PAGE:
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Wildlife Watching and Nature Trails

Trail_512x219Santa Ana National Wildlife Refuge has 12 miles of foot trails that offer different experiences and different views, all of which you’ll find rewarding!

Trails are open every day from sunrise to sunset.  Park Rangers, roving naturalists and guides are available year-round to assist visitors.  Be sure to bring a map which you can download here or pick up at the Visitor Center.

Chachalaca Trail
One of the most popular trails on the refuge, the half-mile Chachalaca Trail leads visitors to the Willow Lakes. Here, elms and Rio Grande ash trees offer pleasant shade by the resacas. Look for least grebes, black-bellied whistling ducks, American avocets, and any of the three kingfishers—the ringed, green, and belted. The woodlands along the way shelter many of the common inhabitants, including chachalacas and green jays.

Cattail Lakes Trail
Meander through four distinct plant and animal communities along this 1.6-mile trail and discover the amazing biodiversity of the lower Rio Grande delta. Look for cactus wrens nesting in the prickly pear. Watch the great kiskadee pluck insects from the air!

Pintail Lakes Trail
This trail has it all: great birding, resacas, and the Rio Grande itself. As the trail winds around the Pintail Lakes, scan the cattails for elusive king rails. It takes a patient birder to spot all five rail species recorded here. In winter, look for vermilion flycatchers illuminating the treetops and white pelicans on the water. Listen for the bouncing ball call of the olive sparrow year round. Consider the Rio Grande, both international border and lifeblood of Santa Ana National Wildlife Refuge.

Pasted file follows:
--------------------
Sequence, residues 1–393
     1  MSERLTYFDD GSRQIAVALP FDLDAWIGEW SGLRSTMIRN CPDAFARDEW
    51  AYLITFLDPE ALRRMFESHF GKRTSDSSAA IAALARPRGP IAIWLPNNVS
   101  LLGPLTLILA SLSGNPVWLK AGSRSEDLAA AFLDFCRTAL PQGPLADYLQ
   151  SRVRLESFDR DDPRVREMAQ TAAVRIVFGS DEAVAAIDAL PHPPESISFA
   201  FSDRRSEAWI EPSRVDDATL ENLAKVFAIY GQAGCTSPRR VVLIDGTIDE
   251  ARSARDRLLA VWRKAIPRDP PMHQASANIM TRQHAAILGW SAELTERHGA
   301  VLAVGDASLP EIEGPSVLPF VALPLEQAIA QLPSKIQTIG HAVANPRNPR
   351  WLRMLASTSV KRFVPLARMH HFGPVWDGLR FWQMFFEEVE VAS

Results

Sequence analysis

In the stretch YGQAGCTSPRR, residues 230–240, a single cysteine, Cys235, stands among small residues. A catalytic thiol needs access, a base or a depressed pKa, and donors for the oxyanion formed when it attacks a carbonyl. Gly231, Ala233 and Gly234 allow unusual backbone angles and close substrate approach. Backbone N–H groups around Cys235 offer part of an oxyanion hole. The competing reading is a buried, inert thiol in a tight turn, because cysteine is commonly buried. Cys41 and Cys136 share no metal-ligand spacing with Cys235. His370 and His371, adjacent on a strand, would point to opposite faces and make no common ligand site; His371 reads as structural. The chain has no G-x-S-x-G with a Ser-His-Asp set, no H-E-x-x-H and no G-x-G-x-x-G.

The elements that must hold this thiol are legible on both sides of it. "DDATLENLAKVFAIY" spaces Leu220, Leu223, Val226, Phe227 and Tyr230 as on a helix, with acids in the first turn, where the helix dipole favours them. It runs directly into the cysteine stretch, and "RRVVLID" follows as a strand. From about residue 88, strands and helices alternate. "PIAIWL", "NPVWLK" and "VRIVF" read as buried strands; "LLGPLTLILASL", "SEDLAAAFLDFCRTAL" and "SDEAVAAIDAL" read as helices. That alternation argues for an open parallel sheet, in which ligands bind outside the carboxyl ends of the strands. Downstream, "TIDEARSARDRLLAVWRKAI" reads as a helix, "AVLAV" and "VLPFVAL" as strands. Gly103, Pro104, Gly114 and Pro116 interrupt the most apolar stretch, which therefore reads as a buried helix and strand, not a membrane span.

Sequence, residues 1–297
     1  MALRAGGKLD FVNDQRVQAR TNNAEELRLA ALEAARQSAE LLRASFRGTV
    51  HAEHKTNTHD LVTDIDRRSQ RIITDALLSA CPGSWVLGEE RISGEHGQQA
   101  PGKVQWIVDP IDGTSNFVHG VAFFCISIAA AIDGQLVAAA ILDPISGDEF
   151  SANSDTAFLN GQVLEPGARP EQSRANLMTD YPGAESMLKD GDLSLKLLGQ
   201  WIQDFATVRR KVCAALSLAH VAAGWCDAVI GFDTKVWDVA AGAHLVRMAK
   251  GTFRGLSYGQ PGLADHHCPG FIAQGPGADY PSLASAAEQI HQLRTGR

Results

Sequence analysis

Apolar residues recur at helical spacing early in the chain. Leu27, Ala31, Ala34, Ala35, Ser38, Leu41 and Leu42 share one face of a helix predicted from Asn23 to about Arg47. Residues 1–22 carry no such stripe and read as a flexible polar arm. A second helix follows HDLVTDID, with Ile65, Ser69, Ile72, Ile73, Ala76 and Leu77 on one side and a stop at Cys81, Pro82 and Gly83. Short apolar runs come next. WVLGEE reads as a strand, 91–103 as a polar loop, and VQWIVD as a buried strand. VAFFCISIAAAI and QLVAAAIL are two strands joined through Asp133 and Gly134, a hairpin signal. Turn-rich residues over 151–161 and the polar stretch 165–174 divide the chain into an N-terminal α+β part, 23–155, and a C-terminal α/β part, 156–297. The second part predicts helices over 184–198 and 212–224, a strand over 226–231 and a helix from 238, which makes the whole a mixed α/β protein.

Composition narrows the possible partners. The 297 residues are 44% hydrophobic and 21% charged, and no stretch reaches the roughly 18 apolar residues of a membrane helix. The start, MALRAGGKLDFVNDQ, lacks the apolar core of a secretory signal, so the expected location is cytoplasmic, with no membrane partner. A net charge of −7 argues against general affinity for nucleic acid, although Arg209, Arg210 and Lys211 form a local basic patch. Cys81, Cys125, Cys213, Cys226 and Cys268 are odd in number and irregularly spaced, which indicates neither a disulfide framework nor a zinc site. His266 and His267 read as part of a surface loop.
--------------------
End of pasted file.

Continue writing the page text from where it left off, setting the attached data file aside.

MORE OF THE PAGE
Canopy Walk
The canopy walk on Santa Ana National Wildlife is the only one of its kind in South Texas.  The rope bridge extends between two towers giving visitors a chance to watch the wildlife above, below and right next to them in the Anacua and ebony trees!  

Tree Tower Overlook
Look down onto Spanish moss that clings high up in the Texas ebony trees. Climb 40 feet for a rewarding view atop the only open-air tower of its size in the Lower Rio Grande Valley. From the base, to the intermediate deck, and on to the top deck of Santa Ana’s unique attraction, visitors can enjoy changing views of the surrounding subtropical, riparian woodland and the amazing wildlife that it harbors. Imagine standing on the tower and watching 10,000 broad-winged hawks take flight on the thermals as they begin their migration north during the spring.  

Page Photo Credits — Chachalaca Trail / Marvin DeJong
Last Updated: May 08, 2012
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